Scandinavia Exports Urban Master Planning Expertise

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Well-functioning cities require commitment from residents and strong architectural master planning. The capital cities of Scandinavia are role models for the rest of the world. 

Copenhagen, Stockholm and Oslo, the capitals of Scandinavia are international trailblazers when it comes to sustainability according to a joint study by the Economist Intelligence Unit and Siemens, and now rhey offer urban master planning expertise. The three cities are dedicated to minimizing environmental impact, reducing CO2 emissions and improving the lives of inhabitants; three factors that make the cities global models.

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Scandinavian urban design is a strong source of inspiration for city planners around the world when it comes to implementing master plans. There is, among other things, widespread interest in Copenhagen’s bicycle infrastructure, which has led to a greater number of people travelling by bike. The purification of the water in Copenhagen Harbor is also a source of inspiration worldwide since it is clean enough for residents and tourists to swim in.

Scandinavia: a role model
“One of the reasons why Scandinavia is a role model is probably that the gap between rich and poor is small – and that people are happy at all levels of 191014_Lars_Ostenfeld_Riemannsociety. The happiness index shows that the Nordic countries are at the very top. People trust each other and expect that cities will be designed sustainably. We are aware of the importance of maintaining positive urban development – and we can help other cities to do the same,” said Lars Ostenfeld Riemann, Director of Buildings in Ramboll.

Ramboll has helped to define many of the sustainable attributes of Copenhagen, Stockholm and Oslo, and we are involved in several master planning initiatives including Nordhavnen and Carlsberg in Copenhagen.

These experiences have been applied further afield, for instance at Chicago Lakeside in USA, where Ramboll developed concepts for district heating and cooling as well as waste and water.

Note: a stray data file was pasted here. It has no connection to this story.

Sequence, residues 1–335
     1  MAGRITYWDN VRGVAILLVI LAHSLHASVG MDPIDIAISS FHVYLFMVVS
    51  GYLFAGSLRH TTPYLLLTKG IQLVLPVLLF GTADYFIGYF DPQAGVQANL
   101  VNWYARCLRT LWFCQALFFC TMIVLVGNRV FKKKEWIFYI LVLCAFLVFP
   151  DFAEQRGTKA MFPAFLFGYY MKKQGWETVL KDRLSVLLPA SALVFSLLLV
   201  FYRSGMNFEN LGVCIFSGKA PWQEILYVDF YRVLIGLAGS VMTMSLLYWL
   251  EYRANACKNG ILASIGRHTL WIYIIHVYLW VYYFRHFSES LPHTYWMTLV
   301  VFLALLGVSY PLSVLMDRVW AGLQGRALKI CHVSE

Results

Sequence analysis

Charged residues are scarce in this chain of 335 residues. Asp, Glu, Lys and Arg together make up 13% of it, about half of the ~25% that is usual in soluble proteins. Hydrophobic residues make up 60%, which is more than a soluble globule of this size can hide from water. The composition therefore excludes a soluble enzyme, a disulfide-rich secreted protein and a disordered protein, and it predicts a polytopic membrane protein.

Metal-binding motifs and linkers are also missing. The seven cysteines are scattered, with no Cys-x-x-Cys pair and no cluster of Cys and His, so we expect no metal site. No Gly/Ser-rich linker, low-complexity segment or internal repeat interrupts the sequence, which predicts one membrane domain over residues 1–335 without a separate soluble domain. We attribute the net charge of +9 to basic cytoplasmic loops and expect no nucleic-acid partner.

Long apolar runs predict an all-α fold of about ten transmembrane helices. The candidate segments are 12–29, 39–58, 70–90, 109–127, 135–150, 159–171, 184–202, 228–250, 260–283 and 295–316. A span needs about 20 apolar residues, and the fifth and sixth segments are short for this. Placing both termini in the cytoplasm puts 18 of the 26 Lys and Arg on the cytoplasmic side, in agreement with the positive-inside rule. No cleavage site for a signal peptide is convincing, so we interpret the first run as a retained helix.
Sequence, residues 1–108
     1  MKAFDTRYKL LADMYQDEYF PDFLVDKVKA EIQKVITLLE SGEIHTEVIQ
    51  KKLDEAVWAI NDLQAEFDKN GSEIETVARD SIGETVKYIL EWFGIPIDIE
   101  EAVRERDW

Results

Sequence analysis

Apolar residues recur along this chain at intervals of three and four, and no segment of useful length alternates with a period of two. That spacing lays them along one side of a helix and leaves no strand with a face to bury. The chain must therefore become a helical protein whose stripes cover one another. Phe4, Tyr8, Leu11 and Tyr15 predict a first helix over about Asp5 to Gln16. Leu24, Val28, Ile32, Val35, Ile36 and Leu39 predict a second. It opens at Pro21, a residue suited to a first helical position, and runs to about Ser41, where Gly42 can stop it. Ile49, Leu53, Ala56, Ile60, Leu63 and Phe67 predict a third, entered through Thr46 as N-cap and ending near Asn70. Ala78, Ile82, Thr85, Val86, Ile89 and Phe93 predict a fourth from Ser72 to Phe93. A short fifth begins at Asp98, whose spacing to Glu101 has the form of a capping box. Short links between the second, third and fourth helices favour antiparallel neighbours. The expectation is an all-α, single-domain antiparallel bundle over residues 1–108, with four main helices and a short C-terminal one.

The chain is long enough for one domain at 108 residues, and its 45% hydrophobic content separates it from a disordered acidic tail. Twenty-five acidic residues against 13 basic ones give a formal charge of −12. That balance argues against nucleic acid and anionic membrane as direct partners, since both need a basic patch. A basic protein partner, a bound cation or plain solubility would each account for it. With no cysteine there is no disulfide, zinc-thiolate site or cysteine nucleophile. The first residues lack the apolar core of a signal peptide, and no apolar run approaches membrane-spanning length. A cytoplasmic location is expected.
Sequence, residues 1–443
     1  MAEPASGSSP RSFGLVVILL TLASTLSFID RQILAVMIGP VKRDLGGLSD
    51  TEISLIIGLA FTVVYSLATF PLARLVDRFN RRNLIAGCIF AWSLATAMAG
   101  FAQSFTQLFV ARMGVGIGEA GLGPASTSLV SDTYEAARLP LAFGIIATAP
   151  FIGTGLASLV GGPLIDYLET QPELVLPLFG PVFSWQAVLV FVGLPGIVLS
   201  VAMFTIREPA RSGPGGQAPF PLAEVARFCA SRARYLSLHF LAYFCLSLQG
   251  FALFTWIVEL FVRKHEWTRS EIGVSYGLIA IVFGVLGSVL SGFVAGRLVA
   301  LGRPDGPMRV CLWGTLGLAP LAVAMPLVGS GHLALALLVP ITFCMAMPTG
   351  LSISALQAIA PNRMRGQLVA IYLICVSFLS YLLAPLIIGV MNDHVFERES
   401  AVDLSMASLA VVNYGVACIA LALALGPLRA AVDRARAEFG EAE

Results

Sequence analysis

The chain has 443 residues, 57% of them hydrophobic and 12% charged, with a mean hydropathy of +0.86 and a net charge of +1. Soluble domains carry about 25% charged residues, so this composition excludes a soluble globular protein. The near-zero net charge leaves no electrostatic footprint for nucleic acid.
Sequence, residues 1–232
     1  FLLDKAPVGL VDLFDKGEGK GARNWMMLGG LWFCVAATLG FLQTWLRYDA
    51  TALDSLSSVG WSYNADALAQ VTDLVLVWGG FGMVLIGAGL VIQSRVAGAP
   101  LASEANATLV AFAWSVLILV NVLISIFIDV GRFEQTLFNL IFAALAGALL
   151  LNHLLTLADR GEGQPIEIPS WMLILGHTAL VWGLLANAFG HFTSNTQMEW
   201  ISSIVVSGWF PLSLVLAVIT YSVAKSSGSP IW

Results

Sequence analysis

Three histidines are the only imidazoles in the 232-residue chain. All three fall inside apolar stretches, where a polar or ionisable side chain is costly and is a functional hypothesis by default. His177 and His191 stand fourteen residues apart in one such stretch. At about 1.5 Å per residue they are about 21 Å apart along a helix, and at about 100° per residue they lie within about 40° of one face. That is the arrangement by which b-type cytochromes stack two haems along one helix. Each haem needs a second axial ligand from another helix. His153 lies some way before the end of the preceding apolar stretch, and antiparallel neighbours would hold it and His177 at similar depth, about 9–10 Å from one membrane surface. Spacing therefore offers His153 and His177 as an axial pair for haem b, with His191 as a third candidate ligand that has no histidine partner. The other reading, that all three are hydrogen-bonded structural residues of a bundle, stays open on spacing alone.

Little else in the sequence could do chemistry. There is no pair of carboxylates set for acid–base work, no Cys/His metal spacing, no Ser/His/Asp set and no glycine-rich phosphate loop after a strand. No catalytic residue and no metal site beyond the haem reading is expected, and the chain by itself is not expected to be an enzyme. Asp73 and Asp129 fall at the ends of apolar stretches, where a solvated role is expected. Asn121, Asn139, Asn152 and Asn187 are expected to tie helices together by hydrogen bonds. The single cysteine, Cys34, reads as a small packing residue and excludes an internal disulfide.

More and more complex
“It is difficult to simply copy the Scandinavian model abroad,” explained Lars Ostenfeld Riemann. “Cultural elements vary from city to city as the populations live in very different ways. It is therefore important to understand the cultural elements and preferences, and together with architects, create a logical master plan.”

Innovation Centre, Guthenburg, Sweden
Innovation Centre, Guthenburg, Sweden

“Master planning has become an increasingly complex multidisciplinary task. Today, education, social life, and the healthiness are all taken into consideration. There is also an economic component. Instead of looking at the individual buildings, master planning is thought of as an economic investment for society. Models are changing from being based on costs and revenues to also taking softer values into account,” added Lars Ostenfeld Riemann.

He points out that there are two main challenges when creating master plans. In countries like China, the main priority is to build up huge cities from scratch at the same time as the population moves from rural to urban areas. In the western world, the challenge is to improve the sustainability credential of cities that have already been built, for example, by alleviating congestion and accessibility problems; inefficiencies that cost society huge amounts of money.

We must improve the way we live
According to Lars Ostenfeld Riemann, well-functioning and sustainable cities also depend on a strong social element. In order to solve problems such as deprived areas with elevated crime rates, unemployment and a high number of immigrants, large architectural master plans are required. However, local residents themselves also have to take responsibility for preserving and maintaining cities and neighbourhoods.

“Well-functioning cities are not just about creating sustainability and ensuring that we can continue to live. Sustainability also involves improving the way we live and improving the way we live with the benefits we have today. This requires a strong commitment from the people who live in and use the cities,” concluded Lars Ostenfeld Riemann.

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